Unbreakable Kimmy Schmidt
“‘Females are strong as hell’ according to Unbreakable Kimmy Schmidt’s theme song, but they’re mostly white.”
Title: Unbreakable Kimmy Schmidt
Episodes Reviewed: Seasons 1-3
Creators: Robert Carlock 👨🏼🇺🇸 and Tina Fey 👩🏼🇺🇸
Directors: 11 ♂ and 6 ♀ (including 3 POC)
Writers: Robert Carlock 👨🏼🇺🇸 (39 eps), Tina Fey 👩🏼🇺🇸 (39 eps), Sam Means 👨🏼🇺🇸 (9 eps), and various (8 ♂ and 8 ♀ , including 1 POC)
Reviewed by Mimi 👩🏻🇺🇸
Tina Fey’s attempt at millennial comedy post-30 Rock brings us a ripped-from-the-headlines premise about a rescued Indiana mole woman named Kimmy Schmidt (Ellie Kemper), who makes a fresh start in New York City. Fey enlists many familiar faces—including Jane Krakowski, Tituss Burgess, and Jon Hamm—and even pops in herself for a cameo or two. Reminiscent of her previous NBC series, Netflix’s Kimmy Schmidt is filled with quotable one-liners (“Hashbrown no filter”) and fun pop culture spoofs (Titus “Lemonade-ing”). Yet, unlike network TV, which churned out weekly episodes relatively quickly and ensured that many of the jokes remained timely and topical, the streaming service dumps an entire season’s worth of episodes all at once, meaning certain references come off as dated and passé by the time viewers are ready to binge-watch.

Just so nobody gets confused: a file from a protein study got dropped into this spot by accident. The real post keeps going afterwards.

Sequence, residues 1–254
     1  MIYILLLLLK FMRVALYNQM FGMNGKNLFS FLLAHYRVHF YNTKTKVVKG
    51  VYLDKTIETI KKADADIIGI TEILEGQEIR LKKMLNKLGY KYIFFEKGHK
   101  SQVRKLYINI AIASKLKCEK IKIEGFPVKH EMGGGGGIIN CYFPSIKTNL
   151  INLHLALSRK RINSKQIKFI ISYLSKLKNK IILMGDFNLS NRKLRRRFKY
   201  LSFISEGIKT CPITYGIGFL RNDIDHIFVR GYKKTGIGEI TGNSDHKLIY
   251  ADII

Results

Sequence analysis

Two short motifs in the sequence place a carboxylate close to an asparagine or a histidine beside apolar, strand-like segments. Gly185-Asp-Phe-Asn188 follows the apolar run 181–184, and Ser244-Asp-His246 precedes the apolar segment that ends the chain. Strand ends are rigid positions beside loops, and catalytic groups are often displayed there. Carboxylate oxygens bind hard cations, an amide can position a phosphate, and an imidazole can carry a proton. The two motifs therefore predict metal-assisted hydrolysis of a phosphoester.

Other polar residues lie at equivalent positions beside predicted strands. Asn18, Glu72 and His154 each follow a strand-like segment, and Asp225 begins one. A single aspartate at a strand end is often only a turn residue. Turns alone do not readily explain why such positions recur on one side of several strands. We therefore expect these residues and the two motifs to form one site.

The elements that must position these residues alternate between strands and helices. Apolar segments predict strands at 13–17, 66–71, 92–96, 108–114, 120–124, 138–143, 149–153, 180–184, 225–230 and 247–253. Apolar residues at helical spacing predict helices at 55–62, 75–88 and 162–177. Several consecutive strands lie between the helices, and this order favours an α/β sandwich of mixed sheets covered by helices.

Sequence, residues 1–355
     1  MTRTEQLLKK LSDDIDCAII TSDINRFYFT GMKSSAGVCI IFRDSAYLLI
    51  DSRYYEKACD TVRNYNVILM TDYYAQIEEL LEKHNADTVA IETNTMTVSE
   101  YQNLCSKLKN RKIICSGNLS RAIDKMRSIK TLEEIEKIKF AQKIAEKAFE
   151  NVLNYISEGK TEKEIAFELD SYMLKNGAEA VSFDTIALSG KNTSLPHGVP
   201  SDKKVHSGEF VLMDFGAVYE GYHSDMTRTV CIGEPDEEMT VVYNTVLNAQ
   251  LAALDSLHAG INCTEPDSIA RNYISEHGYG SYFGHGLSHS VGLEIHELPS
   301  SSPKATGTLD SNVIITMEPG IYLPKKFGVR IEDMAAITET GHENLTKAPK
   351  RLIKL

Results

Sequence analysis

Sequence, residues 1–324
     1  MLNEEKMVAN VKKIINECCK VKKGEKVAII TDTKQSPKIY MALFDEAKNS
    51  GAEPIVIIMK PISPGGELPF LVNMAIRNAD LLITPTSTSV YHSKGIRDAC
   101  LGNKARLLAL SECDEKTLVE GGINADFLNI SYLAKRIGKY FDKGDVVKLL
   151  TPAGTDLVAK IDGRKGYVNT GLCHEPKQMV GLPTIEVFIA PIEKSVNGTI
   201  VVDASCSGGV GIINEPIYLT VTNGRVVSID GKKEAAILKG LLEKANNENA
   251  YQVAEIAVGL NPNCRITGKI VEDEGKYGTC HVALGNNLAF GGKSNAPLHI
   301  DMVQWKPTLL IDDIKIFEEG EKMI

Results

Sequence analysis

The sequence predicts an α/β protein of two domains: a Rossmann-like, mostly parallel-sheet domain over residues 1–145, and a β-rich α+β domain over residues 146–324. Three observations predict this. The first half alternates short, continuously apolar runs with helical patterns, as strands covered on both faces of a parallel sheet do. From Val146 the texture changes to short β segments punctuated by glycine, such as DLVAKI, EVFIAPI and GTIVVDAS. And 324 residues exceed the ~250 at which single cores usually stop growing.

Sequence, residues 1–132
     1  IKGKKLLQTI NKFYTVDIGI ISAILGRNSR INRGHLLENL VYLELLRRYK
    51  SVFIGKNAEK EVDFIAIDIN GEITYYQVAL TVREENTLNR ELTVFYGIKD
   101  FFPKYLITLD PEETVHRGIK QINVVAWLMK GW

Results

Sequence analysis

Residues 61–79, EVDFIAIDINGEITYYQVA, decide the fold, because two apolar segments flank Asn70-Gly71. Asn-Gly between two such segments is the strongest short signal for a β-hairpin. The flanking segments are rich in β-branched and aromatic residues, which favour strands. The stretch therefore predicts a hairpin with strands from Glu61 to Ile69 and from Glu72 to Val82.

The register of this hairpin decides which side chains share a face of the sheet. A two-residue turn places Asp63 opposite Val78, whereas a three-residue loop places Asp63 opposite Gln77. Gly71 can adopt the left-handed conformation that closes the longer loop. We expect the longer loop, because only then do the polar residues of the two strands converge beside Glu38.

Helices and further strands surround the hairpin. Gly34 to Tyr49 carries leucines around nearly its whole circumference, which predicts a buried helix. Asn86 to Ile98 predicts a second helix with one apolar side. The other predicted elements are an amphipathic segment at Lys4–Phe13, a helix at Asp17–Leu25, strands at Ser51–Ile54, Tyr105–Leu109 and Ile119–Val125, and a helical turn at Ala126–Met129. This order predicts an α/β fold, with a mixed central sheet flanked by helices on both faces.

Does it pass the Bechdel Test? YES
While 30 Rock’s Liz Lemon helped brand Fey as a feminist icon for the Lean In generation, Kimmy serves as an idiosyncratic filter through which we can experience the quirks of urban living and the modern condition. Because of Kimmy’s past trauma, her intellectual growth is stunted, reminiscent of the “Born Sexy Yesterday” trope, in which “female characters...have the minds of children but the bodies of mature women.” Other times, she seems aged beyond her years. Perhaps the punchlines regarding her lack of understanding for technology is the direct result of an older writer trying to formulate a young person, which explains why Kimmy frequently acts like a middle-aged woman trapped in the body of millennial.
Meanwhile, Kimmy’s employer Jacqueline represents the inverse as an aging socialite clinging to her youth. The part feels like a natural continuation from Krawkoski’s role as Jenna Maroney, an aging actress on 30 Rock. The show seems to be most in its element when skewering white Upper East Side wives like Jacqueline and her Season 2 rival Deirdre Robespierre (Anna Camp). Legendary funny woman Carol Kane helps round out the cast as Lillian, Kimmy’s bohemian landlady.
The running themes of resilience and survival push the show into the vicinity of feminism, though it’s more like Feminism Lite accompanied by occasional dark humor pertaining to kidnapping and rape.